.

Coldplay

"Us Against The World"

Rolling Stone: star rating
Community: star rating
5 3.5 0
August 19, 2011

These new songs – all debuted live in recent months but not yet released in studio versions – suggest Coldplay's forthcoming album may be more gritty, fun, strange and (yes) danceable than any so far: a Zooropa to the Unforgettable Fire of 2008's Viva la Vida. "Hurts Like Heaven" opened their Lollapalooza set with a word rush that occasionally recalled LCD Soundsystem's "All My Friends," plus some outstanding guitar asides. Broadcast on Jimmy Kimmel Live!, "Charlie Brown" (not the Coasters' 1959 hit, alas) triangulates Springsteen, U2 and Arcade Fire in a hood-rat oratorio that roars even if Chris Martin's delivery feels too genteel. "Us Against the World" (debuted at the Rock am Ring festival in Germany) is an anthemic ballad with sweet harmony vocals from drummer/secret weapon Will Champion. Most interesting may be "Princess of China," with a dubby drum track so huge, it apparently blew out all the bootleggers' mics in Nuremberg.

Listen to "Us Against The World":

Related
Coldplay's "Hurts Like Heaven": Three and a Half Stars
Coldplay's "Charlie Brown": Two and a Half Stars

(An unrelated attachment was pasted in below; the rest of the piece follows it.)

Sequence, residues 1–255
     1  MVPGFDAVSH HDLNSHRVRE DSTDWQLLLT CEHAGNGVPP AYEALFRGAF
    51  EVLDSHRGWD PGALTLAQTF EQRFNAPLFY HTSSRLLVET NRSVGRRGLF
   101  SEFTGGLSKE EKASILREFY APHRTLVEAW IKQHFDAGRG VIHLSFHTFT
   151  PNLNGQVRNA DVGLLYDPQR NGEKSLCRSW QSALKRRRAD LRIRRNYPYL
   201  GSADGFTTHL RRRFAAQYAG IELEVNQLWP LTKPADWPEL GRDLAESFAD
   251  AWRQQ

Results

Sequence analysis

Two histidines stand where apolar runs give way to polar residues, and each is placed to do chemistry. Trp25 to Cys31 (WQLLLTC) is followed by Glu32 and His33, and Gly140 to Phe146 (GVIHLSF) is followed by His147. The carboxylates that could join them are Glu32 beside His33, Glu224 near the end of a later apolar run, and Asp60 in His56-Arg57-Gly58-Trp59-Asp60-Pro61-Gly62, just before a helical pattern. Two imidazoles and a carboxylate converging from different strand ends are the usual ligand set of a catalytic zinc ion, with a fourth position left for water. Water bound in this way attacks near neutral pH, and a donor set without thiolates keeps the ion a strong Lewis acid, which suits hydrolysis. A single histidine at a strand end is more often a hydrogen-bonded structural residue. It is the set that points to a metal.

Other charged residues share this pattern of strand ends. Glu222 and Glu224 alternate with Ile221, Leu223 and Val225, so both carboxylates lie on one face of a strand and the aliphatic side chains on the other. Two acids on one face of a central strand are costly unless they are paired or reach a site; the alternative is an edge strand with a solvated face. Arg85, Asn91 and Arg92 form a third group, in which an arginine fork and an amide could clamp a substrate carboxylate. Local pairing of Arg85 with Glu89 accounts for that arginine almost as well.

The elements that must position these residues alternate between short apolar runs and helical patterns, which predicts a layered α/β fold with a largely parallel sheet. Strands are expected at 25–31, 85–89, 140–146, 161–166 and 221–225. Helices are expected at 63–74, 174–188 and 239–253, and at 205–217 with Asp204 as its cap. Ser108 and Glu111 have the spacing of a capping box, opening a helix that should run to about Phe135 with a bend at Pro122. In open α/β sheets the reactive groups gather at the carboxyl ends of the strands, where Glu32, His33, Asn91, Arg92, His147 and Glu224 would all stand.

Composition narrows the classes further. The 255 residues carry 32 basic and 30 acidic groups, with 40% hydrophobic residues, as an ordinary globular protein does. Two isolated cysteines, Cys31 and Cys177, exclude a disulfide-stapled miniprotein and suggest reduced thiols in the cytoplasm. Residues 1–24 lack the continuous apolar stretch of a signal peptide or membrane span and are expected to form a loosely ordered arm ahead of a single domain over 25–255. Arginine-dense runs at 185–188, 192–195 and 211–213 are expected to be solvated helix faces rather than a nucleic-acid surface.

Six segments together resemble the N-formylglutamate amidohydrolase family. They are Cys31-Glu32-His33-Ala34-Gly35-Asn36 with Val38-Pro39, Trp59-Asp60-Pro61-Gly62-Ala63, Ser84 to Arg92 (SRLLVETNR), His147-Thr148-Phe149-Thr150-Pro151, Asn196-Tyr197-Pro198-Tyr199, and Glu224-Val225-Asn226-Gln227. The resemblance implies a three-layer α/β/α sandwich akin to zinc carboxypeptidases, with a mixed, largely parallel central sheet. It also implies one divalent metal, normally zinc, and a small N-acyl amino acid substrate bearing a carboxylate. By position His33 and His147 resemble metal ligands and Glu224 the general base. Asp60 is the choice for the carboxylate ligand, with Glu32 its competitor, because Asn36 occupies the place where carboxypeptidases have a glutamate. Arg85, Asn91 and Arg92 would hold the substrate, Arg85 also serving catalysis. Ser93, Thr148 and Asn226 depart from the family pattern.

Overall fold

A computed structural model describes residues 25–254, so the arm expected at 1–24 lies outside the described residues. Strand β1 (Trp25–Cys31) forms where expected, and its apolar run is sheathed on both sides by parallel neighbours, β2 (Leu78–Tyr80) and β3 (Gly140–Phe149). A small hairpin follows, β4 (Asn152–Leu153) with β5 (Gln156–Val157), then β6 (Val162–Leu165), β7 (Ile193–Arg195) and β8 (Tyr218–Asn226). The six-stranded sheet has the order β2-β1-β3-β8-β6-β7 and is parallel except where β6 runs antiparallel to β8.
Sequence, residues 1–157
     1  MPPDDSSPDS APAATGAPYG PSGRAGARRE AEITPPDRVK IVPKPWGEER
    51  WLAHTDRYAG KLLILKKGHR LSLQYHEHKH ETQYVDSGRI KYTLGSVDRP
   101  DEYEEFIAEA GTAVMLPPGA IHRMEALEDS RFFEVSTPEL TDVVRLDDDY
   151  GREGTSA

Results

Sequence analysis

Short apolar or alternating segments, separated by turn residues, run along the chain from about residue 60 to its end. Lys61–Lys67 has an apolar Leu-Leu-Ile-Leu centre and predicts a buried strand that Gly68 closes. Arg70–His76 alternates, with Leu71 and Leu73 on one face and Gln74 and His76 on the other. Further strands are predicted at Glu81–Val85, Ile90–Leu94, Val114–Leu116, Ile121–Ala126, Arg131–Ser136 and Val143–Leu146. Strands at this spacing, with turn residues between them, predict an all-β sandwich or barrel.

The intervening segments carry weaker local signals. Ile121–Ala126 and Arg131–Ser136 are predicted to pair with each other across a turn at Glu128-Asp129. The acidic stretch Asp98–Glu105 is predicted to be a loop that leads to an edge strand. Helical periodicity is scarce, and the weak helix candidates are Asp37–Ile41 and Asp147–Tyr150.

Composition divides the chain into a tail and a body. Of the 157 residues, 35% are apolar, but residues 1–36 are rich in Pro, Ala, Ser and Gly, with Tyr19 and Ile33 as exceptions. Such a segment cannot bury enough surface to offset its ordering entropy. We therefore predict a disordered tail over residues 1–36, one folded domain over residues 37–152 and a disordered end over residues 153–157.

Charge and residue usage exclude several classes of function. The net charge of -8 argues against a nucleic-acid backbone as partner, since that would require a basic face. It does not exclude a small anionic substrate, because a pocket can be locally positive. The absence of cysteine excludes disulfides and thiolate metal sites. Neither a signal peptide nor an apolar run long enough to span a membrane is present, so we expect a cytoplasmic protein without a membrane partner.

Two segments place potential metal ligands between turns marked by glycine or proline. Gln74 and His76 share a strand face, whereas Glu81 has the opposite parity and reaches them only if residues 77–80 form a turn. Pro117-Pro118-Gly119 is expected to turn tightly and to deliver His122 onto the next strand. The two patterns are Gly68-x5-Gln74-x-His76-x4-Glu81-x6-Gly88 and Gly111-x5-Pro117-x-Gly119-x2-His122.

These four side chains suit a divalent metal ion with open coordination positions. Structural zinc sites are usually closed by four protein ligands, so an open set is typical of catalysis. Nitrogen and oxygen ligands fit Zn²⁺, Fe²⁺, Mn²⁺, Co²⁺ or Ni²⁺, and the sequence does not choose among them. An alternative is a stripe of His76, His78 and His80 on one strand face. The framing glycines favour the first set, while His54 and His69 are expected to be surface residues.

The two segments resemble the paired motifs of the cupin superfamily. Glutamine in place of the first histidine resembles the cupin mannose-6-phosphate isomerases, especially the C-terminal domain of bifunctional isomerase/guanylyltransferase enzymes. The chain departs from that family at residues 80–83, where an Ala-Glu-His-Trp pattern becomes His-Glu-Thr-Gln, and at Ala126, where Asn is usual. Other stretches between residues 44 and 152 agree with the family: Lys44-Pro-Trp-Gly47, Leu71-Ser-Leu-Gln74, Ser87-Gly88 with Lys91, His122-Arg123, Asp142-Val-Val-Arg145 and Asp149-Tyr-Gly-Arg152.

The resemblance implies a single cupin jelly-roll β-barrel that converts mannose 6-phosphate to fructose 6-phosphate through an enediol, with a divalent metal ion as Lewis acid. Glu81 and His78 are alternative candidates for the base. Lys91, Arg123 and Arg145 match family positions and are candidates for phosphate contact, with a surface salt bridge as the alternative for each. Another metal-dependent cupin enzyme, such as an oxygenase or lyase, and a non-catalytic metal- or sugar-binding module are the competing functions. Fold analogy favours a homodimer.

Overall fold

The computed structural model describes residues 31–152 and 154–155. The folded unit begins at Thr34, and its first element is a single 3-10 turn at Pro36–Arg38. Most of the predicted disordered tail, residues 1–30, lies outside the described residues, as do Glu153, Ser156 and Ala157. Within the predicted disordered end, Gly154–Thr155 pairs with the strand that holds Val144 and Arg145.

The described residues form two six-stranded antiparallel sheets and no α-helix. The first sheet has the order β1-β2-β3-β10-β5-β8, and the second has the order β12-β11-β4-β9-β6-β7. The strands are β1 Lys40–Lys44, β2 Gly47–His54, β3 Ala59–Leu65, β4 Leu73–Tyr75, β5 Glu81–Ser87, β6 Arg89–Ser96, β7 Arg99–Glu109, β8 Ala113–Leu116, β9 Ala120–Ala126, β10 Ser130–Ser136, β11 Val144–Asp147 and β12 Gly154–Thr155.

Coldplay's "Princess of China": Three Stars
Photos: Coldplay and More at Lollapalooza 2011
Photos: Coldplay's Live Spectacle
Video: Coldplay Performs 'Charlie Brown' on 'Jimmy Kimmel Live'
Video: Coldplay's 'Every Teardrop is a Waterfall'

prev
Song Review Main Next

ADD A COMMENT

Community Guidelines »
loading comments

loading comments...

COMMENTS

Sort by:
    Read More
    Daily Newsletter

    Get the latest RS news in your inbox.

    Sign up to receive the Rolling Stone newsletter and special offers from RS and its
    marketing partners.

    X

    We may use your e-mail address to send you the newsletter and offers that may interest you, on behalf of Rolling Stone and its partners. For more information please read our Privacy Policy.

    Song Stories

    “Santa Monica”

    Everclear | 1996

    After his brother and girlfriend both died of drug overdoses, Art Alexakis -- depressed and hooked on drugs himself -- jumped off the Santa Monica Pier in California, determined to die. "It was really stupid," said the Everclear frontman, who would further explore his personal emotional journey in the song "Father of Mine." "I went under the water. Then I said, 'I don't wanna die.'" The song, declaring "Let's swim out past the breakers/and watch the world die," was intended as a manifesto for change, Alexakis said. "Let the world do what it's gonna do and just live on our own."

    More Song Stories entries »
    www.expandtheroom.com